In the great three days that lead from Holy Week to Easter Maundy Thursday is the first, when we remember Jesus sharing a final meal with his friends and asking them to love one another as he loved them.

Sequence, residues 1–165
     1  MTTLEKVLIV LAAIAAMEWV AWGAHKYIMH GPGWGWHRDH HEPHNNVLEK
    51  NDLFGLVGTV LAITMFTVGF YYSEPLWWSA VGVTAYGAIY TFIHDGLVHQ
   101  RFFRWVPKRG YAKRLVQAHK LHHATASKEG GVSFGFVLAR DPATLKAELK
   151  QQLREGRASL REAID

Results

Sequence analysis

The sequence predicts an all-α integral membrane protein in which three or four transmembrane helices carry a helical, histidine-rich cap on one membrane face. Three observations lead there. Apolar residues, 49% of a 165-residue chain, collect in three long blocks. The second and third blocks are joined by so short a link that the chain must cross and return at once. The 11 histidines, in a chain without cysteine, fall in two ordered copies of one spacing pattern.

Wait. I’m not ready for this part of the story yet. I’m not ready for the final meal with friends. I’m not ready for the awkward intimacy of the foot washing or the mundane failure of the tired disciples to stay awake. I’m not ready for Holy Week. Not because of the practical details, mind you, people here make sure those are all taken care of. The bulletins were all printed, the music rehearsed, and the tables set for dinner a whole day early waiting empty in the sunlight for their guests the way this place waits for all of you all year long to tell this story. I’m not ready in a bigger way than that. I didn’t do good at Lent this year. The past two years when Chris asked me what I was going to do for Lent I’ve shouted something back like, “isn’t life itself enough already?” But it’s not somehow. And each year Easter comes like a wave, like the big one, and if you see it gathering on the horizon you have time to get yourself together and stand up tall and take a deep breath and wait. Or you don’t, and suddenly you’re upside down with a sinus full of seasalt. I’m not ready for this part. And maybe I never am. So much of Holy Week catches me off guard and makes me cry. It’s the kind of crying that comes when you touch something that you don’t quite have words for yet, or maybe it’s the kind of crying that comes when someone else’s words are surprisingly accurate. I cry when little kids wash the feet of strangers with absolute earnestness. I cry when the altar is bare and all the lights cut out. I cry when Jesus is distressed in the garden, when Jesus is mocked and spit on, when Jesus sees his mom. I’m a mess. But look at the other guys! There’s Jesus, clearly telling everyone at his dinner party that he’s going to die tomorrow, and there are the disciples, essentially asking, “so what’s our plan here, exactly?” There’s Jesus, asking for a few final waking moments with his three closest friends, and there they are, napping. There’s Jesus alone in prison, and there’s Peter outside saying, “I don’t know him.” In fact, one of the only people who does seem to be prepared comes before this part of the story. A woman, of course, another dinner party, per usual. Jesus saying something wise. She walks in with perfume, the kind you use on dead bodies, and just starts crying. Super awkward, my kind of people. She kneels at his feet and washes them with her hair and her tears and makes the whole house smell like an adolescent who doesn’t know how much cologne to use. Jesus is the only one unphased. The disciples squirm. But she’s ready for what’s coming. She knows. And the gift of knowing, rarely given to so many more who must endure the terrible thing, is also the gift of getting to say goodbye. How many people, this year alone, who didn’t get to say goodbye? God only knows. Maybe Jesus thinks of them, maybe Jesus mimics her, when he gets down on the floor after his last dinner and begins gingerly to hold the feet of each person who has walked with him this far. They cringe. They mince words. But ready or not, Jesus makes the round. In three days, everything will have changed. They will no longer be able to clearly follow one man who more or less stays in one place at one time. He will have become something more than that kind of earthy permanence. They will suddenly be in charge, others will look to them to lead, will watch which way their eyes are pointing when they squint to see something imperceptible a step or two ahead. But for now they are held by their friend with a love which makes their insides quiver and hurl. Love like this, he says. Are they ready? Of course not.